First-time buyer’s guide for dental professionals
Gareth Stainsby dispels the common misconceptions surrounding buying your first home and how to get your finances in order.
As a dentist, you form one of the pillars of society as one of the most trusted professions. With this comes its own benefits to help you achieve the milestone of owning your own home in a time frame shorter than you might have thought possible.
Here’s how you can get your ducks in a row in order to achieve your goal.
Take advantage of your professional status
If you’re a qualified dentist, or in some cases still training, you may be eligible for a ‘professional mortgage’. Lenders offering these mortgages will take your professional status into account. They will potentially offer you a loan without requiring you to have the standard two to three years’ worth of self-employment history many think is necessary.
This is where having a specialist dental financial consultant can benefit you. They have the knowledge and access to thousands of mortgage deals. Many of which are not available on the high street.
Even if certain mortgage deals are available it doesn’t necessarily mean the lender will make you an offer due to your profession. Having a consultant who can clearly present your dental profession renumeration on your behalf will help in this circumstance. They effectively act as the conduit between you and the lender.
Develop good saving habits
As a fledgling associate, you may be experiencing more wealth than you have previously managed and this can be daunting.
Consider splitting your cash savings into pots. For example: emergency funds, tax money, longer term cash savings etc. Rather than letting this excess income sit in a regular account.
If saving for your first property within the next five years, consider building up your savings in a lifetime individual savings account (ISA). As long as you meet the criteria you would be eligible to receive a government bonus on top of what you’ve saved once you’re at the point where you are completing on your first property.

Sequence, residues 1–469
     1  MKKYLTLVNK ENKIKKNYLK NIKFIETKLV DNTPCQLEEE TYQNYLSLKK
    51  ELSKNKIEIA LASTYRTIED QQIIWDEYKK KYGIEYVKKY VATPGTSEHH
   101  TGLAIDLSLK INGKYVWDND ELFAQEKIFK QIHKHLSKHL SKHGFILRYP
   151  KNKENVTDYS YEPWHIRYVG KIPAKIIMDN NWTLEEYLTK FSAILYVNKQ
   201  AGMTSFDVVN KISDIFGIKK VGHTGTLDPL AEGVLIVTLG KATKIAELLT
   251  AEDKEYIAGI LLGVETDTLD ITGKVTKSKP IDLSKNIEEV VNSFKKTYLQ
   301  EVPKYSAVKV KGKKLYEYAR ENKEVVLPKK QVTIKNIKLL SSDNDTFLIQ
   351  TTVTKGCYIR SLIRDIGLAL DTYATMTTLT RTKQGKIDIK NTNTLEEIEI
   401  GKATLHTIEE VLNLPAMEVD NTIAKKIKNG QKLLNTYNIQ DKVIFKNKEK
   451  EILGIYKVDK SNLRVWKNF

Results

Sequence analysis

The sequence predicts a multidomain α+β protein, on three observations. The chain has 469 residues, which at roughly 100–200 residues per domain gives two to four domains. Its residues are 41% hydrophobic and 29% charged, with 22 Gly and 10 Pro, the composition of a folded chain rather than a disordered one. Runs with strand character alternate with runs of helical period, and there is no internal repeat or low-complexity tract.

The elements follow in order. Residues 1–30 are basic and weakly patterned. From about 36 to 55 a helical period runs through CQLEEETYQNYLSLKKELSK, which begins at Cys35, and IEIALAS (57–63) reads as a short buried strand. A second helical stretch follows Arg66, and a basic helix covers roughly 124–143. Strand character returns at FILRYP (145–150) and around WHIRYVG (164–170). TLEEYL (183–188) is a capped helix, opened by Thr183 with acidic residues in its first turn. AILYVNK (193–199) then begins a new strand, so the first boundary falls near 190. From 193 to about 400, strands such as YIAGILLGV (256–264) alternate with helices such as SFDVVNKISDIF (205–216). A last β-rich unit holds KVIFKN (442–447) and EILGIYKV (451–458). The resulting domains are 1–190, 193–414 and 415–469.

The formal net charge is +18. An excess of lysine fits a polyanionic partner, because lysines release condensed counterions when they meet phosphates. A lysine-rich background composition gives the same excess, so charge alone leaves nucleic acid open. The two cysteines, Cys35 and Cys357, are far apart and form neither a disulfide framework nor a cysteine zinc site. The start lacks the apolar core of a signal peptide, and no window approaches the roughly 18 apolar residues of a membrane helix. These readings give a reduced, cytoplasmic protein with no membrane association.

Help to buy ISAs are now closed for new subscriptions. For those that already hold them you can top them up. If criteria is met, they will benefit from a government top up.
You may not want to buy your home within this time frame. If you do not expect to buy a property for at least five years there are other options available where we can help clients grow their deposit funds, which offer the potential for better returns than cash.
Please remember the value of investments can go down as well as up and you may get back less than you invest.
Finally, having various pots of money is good practice for getting used to the budgeting and structure. This is really useful for managing your finances effectively when you own your home.
Do your homework
Produce a household budget detailing your monthly income and expenditure. This will help to demonstrate that you’re making a realistic application and proactively manage your personal finances.
Include all household bills as well as essentials such as food and clothing. Be honest and make sure the figures on your budget will tally with those on the last three months’ bank statements you will need to supply with your application.
Boost your credit score
Try to clear any debts you have such as personal loans and credit card bills. Lenders will reduce the amount they are willing to lend you if you hold unsecured debt. If it’s not necessary, pay it off.
Other areas that can increase your credit rating include setting yourself up on the electoral roll and owning a credit card, as having no credit history can also be problematic when applying for your first mortgage.
With a credit card you can simply make a few purchases and pay them off in full and on time over a few months. By paying off the full balance each month, you’ll enhance your credit rating but not pay any debit interest. This will help individuals who have lived at home and haven’t previously had examples of living costs.
Prepare for the unexpected
Before buying a property, you need to build up an emergency fund to help with unexpected home bills. A broken boiler or roof repairs, for example.
On top of this, there may be unexpected costs related to the house purchase. For example, stamp duty (referred to as LBTT in Scotland and LTT in Wales).
Also, remember lenders base mortgages on the lower of the offer price or the property valuation. If you’re bidding over the odds, you’ll need to make up the difference from your own savings.
There is a lot of talk in the media about the deposit required for a new home. There are more lenders coming back and offering 90% loan to value lending again. Although, the higher deposit you can introduce typically leads to an impact on the interest rate offered.
Saving a little extra will help you cover any unexpected costs so that you don’t lose your dream home, as can sometimes be the case.